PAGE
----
Many have said that a tourist in Venice can wander the tangled streets and alleys of this ancient city lost for hours in search of a destination. They should say it louder. The street maps squeeze 47-character Italian names onto each represented alley in 4-point type, making a high-powered magnifying glass a requirement to determine that street names on any map have little in common with the names posted on the sides of buildings. 80% of streets are deadends and several bridges serve only one large building. Such is Venice’s charm.
There are alleys in Venice so narrow that Walmart shoppers can only navigate them with hired flagmen at each end to prevent blockage.
Our hotel, when located, turned out to be quite charming.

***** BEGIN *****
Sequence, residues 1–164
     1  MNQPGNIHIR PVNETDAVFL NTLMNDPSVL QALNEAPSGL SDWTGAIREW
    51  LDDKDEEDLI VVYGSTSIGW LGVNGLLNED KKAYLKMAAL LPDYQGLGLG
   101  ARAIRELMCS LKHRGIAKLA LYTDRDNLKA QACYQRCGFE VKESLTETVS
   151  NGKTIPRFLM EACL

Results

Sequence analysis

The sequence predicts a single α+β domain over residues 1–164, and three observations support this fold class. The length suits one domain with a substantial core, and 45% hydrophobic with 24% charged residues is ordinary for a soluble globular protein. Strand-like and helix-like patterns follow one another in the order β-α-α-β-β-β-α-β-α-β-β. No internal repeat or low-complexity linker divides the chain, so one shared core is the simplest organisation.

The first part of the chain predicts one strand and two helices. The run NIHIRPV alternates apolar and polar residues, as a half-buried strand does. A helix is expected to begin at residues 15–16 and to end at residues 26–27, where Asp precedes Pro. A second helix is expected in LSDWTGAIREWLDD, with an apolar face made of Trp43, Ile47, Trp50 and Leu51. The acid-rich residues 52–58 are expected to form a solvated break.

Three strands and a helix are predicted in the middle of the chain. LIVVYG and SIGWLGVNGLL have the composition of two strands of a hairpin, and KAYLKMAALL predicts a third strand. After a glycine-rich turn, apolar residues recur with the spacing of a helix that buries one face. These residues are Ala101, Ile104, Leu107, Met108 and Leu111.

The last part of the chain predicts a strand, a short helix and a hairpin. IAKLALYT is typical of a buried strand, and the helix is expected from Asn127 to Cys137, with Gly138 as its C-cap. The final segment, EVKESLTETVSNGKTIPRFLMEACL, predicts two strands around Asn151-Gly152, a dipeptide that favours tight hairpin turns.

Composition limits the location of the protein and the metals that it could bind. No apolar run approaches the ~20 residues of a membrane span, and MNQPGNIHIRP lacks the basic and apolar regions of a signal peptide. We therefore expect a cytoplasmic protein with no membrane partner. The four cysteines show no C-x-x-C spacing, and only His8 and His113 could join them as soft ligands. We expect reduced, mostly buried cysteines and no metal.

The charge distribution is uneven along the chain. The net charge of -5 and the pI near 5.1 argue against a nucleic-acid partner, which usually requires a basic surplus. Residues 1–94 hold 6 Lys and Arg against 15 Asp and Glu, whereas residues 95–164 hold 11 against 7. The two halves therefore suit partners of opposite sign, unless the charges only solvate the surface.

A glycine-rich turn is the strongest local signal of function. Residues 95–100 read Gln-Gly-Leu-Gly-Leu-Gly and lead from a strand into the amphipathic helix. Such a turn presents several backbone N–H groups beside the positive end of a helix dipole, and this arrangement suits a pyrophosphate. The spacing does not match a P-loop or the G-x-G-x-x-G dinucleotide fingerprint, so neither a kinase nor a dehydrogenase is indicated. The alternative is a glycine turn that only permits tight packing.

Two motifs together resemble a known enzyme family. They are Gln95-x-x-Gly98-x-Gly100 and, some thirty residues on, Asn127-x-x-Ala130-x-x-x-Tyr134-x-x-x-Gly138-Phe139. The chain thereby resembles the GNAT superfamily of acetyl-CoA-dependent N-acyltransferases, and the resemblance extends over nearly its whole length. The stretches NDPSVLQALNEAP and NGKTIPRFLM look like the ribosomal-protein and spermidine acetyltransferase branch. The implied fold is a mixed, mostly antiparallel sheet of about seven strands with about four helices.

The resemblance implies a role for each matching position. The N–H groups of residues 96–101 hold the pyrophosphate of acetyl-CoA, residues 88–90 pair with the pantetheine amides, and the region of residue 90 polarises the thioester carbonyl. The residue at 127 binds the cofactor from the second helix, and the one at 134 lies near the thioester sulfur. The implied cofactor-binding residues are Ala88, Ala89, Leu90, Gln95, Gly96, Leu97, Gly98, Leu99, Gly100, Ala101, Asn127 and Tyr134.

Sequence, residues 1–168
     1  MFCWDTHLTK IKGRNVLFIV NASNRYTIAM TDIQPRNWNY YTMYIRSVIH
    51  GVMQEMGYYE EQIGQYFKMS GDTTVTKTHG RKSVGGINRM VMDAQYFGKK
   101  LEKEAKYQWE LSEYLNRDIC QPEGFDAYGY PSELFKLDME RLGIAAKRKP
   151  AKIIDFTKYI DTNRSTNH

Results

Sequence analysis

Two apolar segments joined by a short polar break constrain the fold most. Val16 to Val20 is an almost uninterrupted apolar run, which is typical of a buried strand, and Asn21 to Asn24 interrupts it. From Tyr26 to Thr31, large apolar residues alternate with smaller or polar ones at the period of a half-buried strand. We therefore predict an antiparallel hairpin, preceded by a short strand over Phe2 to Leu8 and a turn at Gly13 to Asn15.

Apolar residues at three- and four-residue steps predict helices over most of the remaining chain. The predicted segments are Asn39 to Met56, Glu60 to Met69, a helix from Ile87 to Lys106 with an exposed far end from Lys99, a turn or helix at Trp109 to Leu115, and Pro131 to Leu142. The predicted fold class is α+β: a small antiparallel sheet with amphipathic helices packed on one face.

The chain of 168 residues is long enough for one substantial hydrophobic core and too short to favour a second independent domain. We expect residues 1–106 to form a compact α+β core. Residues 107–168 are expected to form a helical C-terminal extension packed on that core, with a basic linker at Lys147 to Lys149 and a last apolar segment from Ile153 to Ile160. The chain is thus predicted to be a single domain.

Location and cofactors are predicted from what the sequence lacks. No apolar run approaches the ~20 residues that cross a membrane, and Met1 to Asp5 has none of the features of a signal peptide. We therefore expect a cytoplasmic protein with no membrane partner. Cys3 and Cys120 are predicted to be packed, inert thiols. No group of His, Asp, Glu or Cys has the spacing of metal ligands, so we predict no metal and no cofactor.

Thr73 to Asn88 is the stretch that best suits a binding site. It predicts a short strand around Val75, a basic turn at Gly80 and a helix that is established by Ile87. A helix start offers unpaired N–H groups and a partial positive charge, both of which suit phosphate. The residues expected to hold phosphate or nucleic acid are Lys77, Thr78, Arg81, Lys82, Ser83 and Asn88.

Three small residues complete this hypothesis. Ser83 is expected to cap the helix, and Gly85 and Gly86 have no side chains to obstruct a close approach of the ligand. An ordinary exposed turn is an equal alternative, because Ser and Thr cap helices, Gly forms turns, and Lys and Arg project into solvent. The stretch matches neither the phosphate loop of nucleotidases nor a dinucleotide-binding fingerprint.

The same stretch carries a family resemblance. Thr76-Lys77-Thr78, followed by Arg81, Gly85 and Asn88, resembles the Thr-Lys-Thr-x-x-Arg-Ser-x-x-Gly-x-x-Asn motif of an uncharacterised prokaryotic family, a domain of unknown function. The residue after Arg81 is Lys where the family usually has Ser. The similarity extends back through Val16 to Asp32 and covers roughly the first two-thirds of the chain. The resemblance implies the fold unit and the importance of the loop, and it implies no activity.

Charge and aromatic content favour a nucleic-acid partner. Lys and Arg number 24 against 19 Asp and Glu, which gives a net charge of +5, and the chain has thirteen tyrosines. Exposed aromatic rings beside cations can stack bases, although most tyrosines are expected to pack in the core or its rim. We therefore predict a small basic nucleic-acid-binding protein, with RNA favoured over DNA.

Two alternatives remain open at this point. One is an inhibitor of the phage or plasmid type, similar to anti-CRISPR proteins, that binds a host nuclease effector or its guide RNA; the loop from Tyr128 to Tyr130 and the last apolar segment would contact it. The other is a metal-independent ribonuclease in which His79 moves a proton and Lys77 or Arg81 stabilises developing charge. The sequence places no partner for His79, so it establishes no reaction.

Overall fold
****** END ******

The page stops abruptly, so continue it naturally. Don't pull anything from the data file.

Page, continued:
We bravely left our luggage, after a quick shower, and headed out for dinner and a stroll about town, certain to get lost again. In that regard, Venice never disappoints. Nevertheless, it was wonderful to see St. Mark’s Square in after dark:
You might be able to see a blue spec in the upper left sky. It is a strange new toy that is being flogged in all the open squares. A slingshot-like device hurls it far into the air. An on-board light traces the gentle fall to earth using some spinning mechanism that acts much like the seed of a maple tree.